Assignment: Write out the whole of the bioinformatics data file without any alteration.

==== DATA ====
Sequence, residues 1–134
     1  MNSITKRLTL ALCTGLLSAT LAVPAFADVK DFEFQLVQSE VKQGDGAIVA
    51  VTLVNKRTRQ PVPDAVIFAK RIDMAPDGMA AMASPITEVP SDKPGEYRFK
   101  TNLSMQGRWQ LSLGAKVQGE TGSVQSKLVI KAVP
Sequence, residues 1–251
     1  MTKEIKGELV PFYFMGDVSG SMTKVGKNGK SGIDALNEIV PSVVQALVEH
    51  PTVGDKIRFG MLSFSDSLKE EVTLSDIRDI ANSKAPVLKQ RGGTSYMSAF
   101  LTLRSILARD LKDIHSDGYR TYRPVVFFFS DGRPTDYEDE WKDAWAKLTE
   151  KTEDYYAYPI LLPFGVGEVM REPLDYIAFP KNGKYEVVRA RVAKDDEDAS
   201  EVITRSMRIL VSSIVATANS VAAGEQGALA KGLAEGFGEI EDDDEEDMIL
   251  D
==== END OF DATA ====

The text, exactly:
Sequence, residues 1–134
     1  MNSITKRLTL ALCTGLLSAT LAVPAFADVK DFEFQLVQSE VKQGDGAIVA
    51  VTLVNKRTRQ PVPDAVIFAK RIDMAPDGMA AMASPITEVP SDKPGEYRFK
   101  TNLSMQGRWQ LSLGAKVQGE TGSVQSKLVI KAVP
Sequence, residues 1–251
     1  MTKEIKGELV PFYFMGDVSG SMTKVGKNGK SGIDALNEIV PSVVQALVEH
    51  PTVGDKIRFG MLSFSDSLKE EVTLSDIRDI ANSKAPVLKQ RGGTSYMSAF
   101  LTLRSILARD LKDIHSDGYR TYRPVVFFFS DGRPTDYEDE WKDAWAKLTE
   151  KTEDYYAYPI LLPFGVGEVM REPLDYIAFP KNGKYEVVRA RVAKDDEDAS
   201  EVITRSMRIL VSSIVATANS VAAGEQGALA KGLAEGFGEI EDDDEEDMIL
   251  D